Note: Withdrawing money from your 401(k) for a house down payment and other purchase costs qualifies as a hardship distribution as long as it’s for your primary residence. But the withdrawal will still be subject to income tax and, if you’re under 59 ½, the 10% early withdrawal penalty.


What using your 401(k) for a house down payment can cost you

Homebuyers who use 401(k) withdrawals for home purchases may be solving their short-term cash-flow issue, but they’re doing it at the expense of their future financial stability.

Let’s look at how taking out a 401(k) withdrawal for a house down payment can impact your future earnings. In this example, our borrower is 35 years old, has $75,000 in their 401(k) account, and wants to withdraw $10,000 for their home purchase. We’ll compare the potential growth of the account with and without the withdrawal based on a 7% annualized return.

Starting 401(k) Balance 401(k) Withdrawal 401(k) Balance After 25 Years
$75,000 $10,000 $352,783.12
$75,000 $0 $407,057.45


As you can see from this illustration, unplugging $10,000 from a $75,000 balance means our borrower is missing out on over $54,000 of growth. And because our borrower is under age 59 ½, the $10,000 withdrawal was taxed and penalized.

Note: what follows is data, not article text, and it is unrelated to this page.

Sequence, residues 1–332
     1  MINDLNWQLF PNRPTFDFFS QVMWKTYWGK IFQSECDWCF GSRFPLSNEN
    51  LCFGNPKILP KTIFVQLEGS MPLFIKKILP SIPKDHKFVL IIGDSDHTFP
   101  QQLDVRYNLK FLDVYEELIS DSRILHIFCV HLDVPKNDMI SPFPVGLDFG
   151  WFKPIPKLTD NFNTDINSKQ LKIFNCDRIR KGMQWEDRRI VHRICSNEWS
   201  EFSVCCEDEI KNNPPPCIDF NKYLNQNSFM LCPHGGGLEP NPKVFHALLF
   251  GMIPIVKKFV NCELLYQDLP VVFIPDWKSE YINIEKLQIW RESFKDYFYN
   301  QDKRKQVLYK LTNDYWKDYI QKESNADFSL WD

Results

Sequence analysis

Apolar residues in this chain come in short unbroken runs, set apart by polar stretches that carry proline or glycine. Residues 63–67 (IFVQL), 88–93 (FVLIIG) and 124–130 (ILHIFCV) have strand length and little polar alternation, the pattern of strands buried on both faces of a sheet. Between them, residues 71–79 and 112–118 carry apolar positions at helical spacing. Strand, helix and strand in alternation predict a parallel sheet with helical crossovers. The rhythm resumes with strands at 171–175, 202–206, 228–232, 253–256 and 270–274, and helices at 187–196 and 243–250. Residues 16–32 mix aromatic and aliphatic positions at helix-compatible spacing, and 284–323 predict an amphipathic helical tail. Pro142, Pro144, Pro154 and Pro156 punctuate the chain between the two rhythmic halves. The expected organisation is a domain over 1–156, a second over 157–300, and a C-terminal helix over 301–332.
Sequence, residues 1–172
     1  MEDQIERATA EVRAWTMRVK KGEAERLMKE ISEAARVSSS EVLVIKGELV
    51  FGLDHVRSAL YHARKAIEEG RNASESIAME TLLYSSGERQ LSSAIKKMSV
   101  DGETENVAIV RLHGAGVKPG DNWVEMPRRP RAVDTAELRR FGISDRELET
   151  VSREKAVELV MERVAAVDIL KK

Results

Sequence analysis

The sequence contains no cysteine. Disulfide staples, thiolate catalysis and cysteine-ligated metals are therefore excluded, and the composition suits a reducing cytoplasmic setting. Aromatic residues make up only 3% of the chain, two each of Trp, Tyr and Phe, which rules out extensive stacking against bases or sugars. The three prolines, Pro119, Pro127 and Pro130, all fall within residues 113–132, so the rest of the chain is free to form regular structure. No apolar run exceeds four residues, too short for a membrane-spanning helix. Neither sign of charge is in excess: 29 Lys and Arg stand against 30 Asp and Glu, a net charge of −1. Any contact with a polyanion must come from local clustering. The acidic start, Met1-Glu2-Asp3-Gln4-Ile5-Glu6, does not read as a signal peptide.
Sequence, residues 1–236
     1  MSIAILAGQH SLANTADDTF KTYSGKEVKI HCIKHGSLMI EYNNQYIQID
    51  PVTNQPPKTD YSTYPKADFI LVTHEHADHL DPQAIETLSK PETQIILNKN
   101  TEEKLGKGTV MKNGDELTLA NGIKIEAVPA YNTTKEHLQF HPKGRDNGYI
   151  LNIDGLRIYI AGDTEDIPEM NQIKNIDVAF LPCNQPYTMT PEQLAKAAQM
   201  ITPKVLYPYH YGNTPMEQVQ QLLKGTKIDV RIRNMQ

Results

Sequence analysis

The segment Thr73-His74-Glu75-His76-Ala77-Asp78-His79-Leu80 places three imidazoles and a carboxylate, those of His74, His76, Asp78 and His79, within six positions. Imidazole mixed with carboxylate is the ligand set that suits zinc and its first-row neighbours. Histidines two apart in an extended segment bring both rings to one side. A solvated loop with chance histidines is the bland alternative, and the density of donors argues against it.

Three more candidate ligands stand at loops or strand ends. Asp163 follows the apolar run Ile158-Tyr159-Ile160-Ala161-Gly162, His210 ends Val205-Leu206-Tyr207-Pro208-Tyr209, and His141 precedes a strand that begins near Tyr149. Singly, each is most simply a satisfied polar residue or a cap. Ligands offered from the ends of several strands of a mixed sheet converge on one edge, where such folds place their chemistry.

How to take a 401(k) loan for a home purchase

An alternative to 401(k) withdrawals for a home purchase is to borrow against your 401(k) balance. Loans differ from distributions because you have to pay the money back to your account with interest. As a result, 401(k) loans are not subject to income tax or the early withdrawal penalty tax as long as you repay the loan as agreed. 

While taking a loan from your 401(k) can be a less expensive option than using a 401(k) withdrawal for a house down payment, it has drawbacks. Like using 401(k) withdrawals for a home purchase, you’ll be eating into your retirement funds and removing the money from future earnings potential. Also, you may incur loan fees, and you’ll be paying back the loan at market interest rates — similar to what you’d pay on a personal loan and higher than what you’d pay on a mortgage-related product. And since you typically repay 401(k) loans through payroll deductions, your net income will be lower while you’re repaying the loan.

Additionally, you’ll be paying the 401(k) loan back with after-tax dollars, and then the money will get taxed again when you withdraw funds during your retirement years. This double tax is counterproductive to one of the primary benefits of contributing to a 401(k) plan.

What you should know about using a 401(k) loan for a home purchase

Not all 401(k) plans allow loans, but many employers, especially larger companies, offer a loan feature. Your plan paperwork will indicate if it provides 401(k) loans, or you can check with your plan’s administrator.